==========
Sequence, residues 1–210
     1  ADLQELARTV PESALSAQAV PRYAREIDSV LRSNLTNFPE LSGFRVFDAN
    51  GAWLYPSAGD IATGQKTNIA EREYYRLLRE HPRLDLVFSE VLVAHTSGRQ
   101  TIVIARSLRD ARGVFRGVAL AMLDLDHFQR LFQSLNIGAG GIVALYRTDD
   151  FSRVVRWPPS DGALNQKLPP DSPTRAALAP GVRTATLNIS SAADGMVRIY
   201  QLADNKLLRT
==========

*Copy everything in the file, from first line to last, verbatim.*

Sequence, residues 1–210
     1  ADLQELARTV PESALSAQAV PRYAREIDSV LRSNLTNFPE LSGFRVFDAN
    51  GAWLYPSAGD IATGQKTNIA EREYYRLLRE HPRLDLVFSE VLVAHTSGRQ
   101  TIVIARSLRD ARGVFRGVAL AMLDLDHFQR LFQSLNIGAG GIVALYRTDD
   151  FSRVVRWPPS DGALNQKLPP DSPTRAALAP GVRTATLNIS SAADGMVRIY
   201  QLADNKLLRT